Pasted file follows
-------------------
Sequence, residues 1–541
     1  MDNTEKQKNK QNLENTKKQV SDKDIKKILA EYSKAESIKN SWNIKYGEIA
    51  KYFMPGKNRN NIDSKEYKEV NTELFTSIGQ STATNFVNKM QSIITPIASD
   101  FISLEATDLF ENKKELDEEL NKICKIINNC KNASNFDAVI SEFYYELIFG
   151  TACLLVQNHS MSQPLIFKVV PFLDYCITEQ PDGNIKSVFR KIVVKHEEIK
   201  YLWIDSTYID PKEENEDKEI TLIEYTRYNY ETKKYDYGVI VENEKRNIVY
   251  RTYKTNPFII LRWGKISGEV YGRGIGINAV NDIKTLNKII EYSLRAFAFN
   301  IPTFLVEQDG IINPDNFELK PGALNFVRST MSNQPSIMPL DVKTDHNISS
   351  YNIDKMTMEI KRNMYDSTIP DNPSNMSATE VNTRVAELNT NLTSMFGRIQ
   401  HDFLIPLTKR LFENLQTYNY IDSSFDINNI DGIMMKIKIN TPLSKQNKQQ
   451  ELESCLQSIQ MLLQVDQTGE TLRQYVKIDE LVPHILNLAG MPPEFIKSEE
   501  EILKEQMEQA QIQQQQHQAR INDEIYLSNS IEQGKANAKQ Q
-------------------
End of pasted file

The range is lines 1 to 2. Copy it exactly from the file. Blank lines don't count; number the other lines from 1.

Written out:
Sequence, residues 1–541
     1  MDNTEKQKNK QNLENTKKQV SDKDIKKILA EYSKAESIKN SWNIKYGEIA